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Zheng v. Gonzales

July 20, 2005

QUN ZHENG, PETITIONER
v.
ALBERTO GONZALES, ATTORNEY GENERAL OF THE UNITED STATES OF AMERICA



On Petition for Review of an Order of the Board of Immigration Appeals (Board No. A78-864-293).

The opinion of the court was delivered by: Becker, Circuit Judge.

PRECEDENTIAL

Submitted Under Third Circuit LAR 34.1(a) June 30, 2005

Before: RENDELL, BARRY and BECKER, Circuit Judges

OPINION OF THE COURT

This is a petition for review by Qun Zheng, a native and citizen of China, of a decision by the Board of Immigration Appeals (BIA) affirming, without opinion, a decision by an Immigration Judge (IJ) denying Zheng's requests for asylum, withholding of removal, and relief under the Convention Against Torture (CAT). Because we find that the IJ's decision was based on substantial evidence, we will deny the petition for review.

I.

Qun Zheng, also known as Zhao Xin Zhu, was born in China in 1989. He claims that his mother was forcibly sterilized shortly after giving birth to him, because he was her third child and she had thus violated China's family planning policy. His father left China in 1992, and his mother in 1997, leaving Zheng with his grandparents. Both of Zheng's parents came to the United States and petitioned for asylum. Their petitions were denied, although it appears that they both remain in the United States. See Xiu Jin Wang v. BIA, 87 Fed. Appx. 209 (2d Cir. 2004) (unpublished summary order).

Zheng claims that, in April 2002, he wrote an essay called "My Mother" for a school assignment. Zheng's essay was allegedly highly critical of the Chinese government, and of his mother's forcible sterilization. According to Zheng, in reaction to this essay, the principal of his school demanded that Zheng write a "self-criticism" renouncing it. If he failed to do so, he claims, he would be sent to a juvenile re-education camp.

Zheng relates that the principal sent him home to write his self-criticism, and that, after discussing the issue with his grandparents, he decided to go into hiding at his uncle's house. He did so some five to eight days later, never having returned to school. At some point after this, his grandmother came to visit Zheng in hiding. She allegedly told him that the principal of the school had called her and told her that if Zheng was found he would be sent to the juvenile re-education department. She therefore contacted smugglers to get Zheng to the United States to be reunited with his parents. After about a week at his uncle's, Zheng left with a smuggler, who obtained false documents for him. After staying in a hotel with the smuggler for some time, he left for America, and arrived in Chicago on June 10, 2002.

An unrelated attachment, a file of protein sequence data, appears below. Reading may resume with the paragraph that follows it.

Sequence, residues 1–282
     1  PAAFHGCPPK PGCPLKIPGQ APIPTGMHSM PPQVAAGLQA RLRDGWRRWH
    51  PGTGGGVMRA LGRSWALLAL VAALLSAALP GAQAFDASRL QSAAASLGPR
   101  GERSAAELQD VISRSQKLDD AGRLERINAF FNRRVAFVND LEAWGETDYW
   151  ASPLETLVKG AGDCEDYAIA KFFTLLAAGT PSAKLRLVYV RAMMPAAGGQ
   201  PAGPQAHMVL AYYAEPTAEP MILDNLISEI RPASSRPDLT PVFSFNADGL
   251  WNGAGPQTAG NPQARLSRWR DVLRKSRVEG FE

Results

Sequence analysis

Zheng was stopped at the airport and taken into custody. Zheng was released from custody in August 2002, and went to live with his mother in New Jersey. In November 2002, an IJ granted a change of venue to Newark. Before the IJ, Zheng conceded removability and applied for asylum, withholding of removal, and protection under the CAT. An asylum hearing was held on April 2, 2003, in Newark. Zheng presented his own testimony and some documentary evidence, including a rewritten copy of his "My Mother" essay (he did not have a copy of the original) and letters from two school friends corroborating some aspects of his story.

At the close of the hearing, the IJ rendered an oral decision. He found that, if true, Zheng's allegations would make out a claim for asylum, in that he alleged a fear of persecution based on "other resistance" to China's family planning policy. See 8 U.S.C. § 1101(a)(42). But the IJ determined that Zheng had not met his burden of establishing persecution because his testimony was not credible. He therefore denied asylum, withholding of removal, and CAT protection based on past persecution. He also denied CAT relief based on Zheng's alleged fear that, if he returned to China, he would be tortured for leaving China illegally.

The BIA affirmed without opinion, leaving the IJ's opinion as the final agency determination. We have jurisdiction over Zheng's timely petition for ...


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